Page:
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Monday, December 13, 2010

TriMet Approved Light Rail Funding—But What Does it Mean?!

Posted by Sarah Mirk on Mon, Dec 13, 2010 at 1:08 PM

Our new bridge!
  • Our new bridge!
At its board meeting last Wednesday morning, TriMet approved spending $127 million to build a new, ambitious suspension bridge across the Willamette River. According to the Oregonian, the rail-bus-bike-pedestrian bridge will be the largest no-car urban bridge in the United States... that is, assuming it actually gets built.

So one thing the funding vote means is we'll be getting a big, pretty cool looking new bridge over the Willamette, which will supposedly open by 2015. The bridge is a swoopy cable-stay design by Donald McDonald that caused some debate last year because TriMet switched architects and changed the design to save $28 million.

The bridge is a key part of building the planned Portland to Milwaukie Orange Line, a $1.5 billion project (though TriMet is counting on the federal government to bankroll half the cost), which will run past OMSI and finally connect downtown Portland to SE neighborhoods by rail. Linking up SE neighborhoods will be a welcome change for people who commute downtown from Milwaukie, Sellwood, and outer SE suburbs, and could help revitalize Milwaukie's cute but tiny downtown. Even Neil Hankerson, head of Dark Horse Comics (which is headquartered in Milwaukie) and a downright celebrity, testified in favor of the light rail line, saying it would help his comic creators get to work.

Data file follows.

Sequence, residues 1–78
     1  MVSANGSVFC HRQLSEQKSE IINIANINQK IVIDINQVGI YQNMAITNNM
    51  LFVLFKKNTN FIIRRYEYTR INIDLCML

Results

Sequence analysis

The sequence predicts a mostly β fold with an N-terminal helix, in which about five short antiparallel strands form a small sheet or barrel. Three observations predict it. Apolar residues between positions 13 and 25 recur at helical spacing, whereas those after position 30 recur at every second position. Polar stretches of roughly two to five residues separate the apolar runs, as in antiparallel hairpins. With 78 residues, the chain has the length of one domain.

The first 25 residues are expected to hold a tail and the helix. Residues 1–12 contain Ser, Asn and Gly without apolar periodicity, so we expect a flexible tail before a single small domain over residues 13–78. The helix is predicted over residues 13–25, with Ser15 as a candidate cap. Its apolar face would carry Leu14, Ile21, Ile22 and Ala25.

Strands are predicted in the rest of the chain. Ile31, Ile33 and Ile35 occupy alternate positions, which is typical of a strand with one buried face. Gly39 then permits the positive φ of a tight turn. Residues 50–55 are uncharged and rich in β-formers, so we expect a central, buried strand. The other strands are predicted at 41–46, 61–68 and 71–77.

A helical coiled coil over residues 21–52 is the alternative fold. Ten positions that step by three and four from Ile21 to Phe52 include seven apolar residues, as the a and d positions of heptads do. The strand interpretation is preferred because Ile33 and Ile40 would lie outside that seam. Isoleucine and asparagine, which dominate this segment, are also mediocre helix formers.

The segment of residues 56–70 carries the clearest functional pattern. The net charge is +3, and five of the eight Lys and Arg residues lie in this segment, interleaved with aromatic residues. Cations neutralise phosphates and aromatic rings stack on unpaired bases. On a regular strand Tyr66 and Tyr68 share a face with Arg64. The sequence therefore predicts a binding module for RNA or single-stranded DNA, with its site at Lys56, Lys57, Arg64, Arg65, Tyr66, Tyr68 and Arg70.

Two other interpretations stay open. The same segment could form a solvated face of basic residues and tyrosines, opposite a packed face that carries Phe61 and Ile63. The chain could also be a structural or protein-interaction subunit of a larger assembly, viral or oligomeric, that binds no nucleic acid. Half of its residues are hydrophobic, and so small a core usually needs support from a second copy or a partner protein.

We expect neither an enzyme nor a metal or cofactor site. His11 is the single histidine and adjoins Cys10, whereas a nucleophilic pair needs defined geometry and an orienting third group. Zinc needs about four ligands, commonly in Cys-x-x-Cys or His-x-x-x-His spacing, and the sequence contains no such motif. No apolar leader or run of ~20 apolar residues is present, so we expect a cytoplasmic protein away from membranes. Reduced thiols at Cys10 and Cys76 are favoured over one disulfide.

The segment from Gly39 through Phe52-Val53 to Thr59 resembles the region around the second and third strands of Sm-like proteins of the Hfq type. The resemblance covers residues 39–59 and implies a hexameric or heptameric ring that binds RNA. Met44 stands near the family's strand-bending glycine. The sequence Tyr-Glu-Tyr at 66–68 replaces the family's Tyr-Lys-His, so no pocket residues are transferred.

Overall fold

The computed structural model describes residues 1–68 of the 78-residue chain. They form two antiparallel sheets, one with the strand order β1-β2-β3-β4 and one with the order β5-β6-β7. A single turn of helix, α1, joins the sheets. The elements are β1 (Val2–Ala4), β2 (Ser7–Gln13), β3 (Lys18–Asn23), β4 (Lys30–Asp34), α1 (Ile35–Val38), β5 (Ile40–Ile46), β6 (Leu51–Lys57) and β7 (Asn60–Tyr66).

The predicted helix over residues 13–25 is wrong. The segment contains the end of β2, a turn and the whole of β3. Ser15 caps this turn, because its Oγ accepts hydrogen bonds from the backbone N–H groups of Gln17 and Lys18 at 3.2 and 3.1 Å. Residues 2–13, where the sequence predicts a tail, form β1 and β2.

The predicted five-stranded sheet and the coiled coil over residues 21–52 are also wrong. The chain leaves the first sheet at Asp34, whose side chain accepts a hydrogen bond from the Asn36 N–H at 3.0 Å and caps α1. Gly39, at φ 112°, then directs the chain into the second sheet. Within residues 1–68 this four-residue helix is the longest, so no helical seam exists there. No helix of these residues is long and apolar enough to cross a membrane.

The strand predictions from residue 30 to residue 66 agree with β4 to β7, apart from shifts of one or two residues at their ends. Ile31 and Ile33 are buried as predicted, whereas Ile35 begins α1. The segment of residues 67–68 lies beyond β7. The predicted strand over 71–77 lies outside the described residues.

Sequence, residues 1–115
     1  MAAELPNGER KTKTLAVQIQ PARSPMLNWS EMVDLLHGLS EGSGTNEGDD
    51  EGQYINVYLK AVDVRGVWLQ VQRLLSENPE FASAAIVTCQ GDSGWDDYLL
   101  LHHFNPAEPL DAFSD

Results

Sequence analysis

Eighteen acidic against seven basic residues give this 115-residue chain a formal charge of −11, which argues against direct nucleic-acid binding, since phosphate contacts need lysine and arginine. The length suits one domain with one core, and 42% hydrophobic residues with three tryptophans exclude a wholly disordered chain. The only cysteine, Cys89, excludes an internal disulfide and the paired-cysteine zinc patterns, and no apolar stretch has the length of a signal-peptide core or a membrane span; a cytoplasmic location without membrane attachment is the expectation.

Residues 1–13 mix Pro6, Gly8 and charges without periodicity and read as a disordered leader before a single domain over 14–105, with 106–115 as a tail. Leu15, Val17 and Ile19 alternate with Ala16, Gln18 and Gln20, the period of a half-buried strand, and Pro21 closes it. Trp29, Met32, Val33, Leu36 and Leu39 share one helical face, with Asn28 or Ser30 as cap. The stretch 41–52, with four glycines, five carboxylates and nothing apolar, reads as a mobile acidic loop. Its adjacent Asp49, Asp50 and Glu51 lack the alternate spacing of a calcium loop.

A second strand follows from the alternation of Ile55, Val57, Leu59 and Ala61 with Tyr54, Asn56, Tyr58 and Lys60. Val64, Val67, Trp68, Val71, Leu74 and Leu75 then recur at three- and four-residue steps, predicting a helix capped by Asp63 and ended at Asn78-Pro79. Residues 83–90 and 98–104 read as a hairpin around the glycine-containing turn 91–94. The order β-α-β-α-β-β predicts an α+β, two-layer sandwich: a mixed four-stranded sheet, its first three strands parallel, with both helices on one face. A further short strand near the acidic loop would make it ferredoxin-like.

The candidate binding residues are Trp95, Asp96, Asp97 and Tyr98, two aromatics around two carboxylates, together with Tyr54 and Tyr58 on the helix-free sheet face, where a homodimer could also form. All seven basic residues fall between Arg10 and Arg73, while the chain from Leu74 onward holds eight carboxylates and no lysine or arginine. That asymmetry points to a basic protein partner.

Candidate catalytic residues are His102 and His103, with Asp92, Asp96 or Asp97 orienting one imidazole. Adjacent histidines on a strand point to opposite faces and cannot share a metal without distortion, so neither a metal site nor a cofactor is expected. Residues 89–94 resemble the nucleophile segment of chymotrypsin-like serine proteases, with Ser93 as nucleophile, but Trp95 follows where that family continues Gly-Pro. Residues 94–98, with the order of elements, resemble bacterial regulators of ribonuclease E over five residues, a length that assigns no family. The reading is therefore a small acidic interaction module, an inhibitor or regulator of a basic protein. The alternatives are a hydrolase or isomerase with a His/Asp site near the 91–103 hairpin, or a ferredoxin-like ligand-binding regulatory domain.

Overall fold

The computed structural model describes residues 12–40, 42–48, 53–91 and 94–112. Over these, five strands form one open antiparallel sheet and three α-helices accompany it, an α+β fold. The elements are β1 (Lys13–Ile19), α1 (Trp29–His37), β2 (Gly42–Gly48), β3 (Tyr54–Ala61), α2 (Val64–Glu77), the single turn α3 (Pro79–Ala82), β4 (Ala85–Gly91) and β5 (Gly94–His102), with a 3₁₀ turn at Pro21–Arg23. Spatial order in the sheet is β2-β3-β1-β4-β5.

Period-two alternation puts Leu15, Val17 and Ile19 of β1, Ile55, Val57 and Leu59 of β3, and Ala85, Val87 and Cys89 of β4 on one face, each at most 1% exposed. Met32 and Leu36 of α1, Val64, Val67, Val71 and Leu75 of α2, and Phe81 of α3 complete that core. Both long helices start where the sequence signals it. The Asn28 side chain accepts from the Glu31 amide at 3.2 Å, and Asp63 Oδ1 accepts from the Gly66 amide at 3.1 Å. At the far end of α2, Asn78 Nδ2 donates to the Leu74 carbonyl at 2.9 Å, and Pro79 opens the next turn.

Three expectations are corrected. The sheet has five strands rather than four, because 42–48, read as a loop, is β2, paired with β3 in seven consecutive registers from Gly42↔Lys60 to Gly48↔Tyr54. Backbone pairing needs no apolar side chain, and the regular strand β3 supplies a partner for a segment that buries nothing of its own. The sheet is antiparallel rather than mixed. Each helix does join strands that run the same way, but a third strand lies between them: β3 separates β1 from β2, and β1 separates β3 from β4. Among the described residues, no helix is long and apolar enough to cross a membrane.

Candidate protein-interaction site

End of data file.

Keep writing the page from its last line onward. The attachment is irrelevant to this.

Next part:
But of course it boils down to money. Federal funding for the project came in last summer at less than TriMet expected, so now the public transit agency is scrambling to find $35 million for the project.

Which brings us to another thing the vote means: TriMet is dedicated to expanding, even as it's cutting back. Portland Afoot reports on a 16-year-old representative of grassroots transit advocacy group OPAL, who told the TriMet board that the money being poured into the new rail line should instead go to reinstate bus lines, stops, and matainance that have been cut over the past two years. Michael Andersen at Portland Afoot also pokes some holes of his own in TriMet's funding plan for the line, noting that it's heavily reliant on payroll taxes despite an aging workforce. He made this little graph showing how wages would have to grow in order to adequately fund the line. And it doesn't look good:

realwagegrowthaging_thumb1.png
  • Portland Afoot

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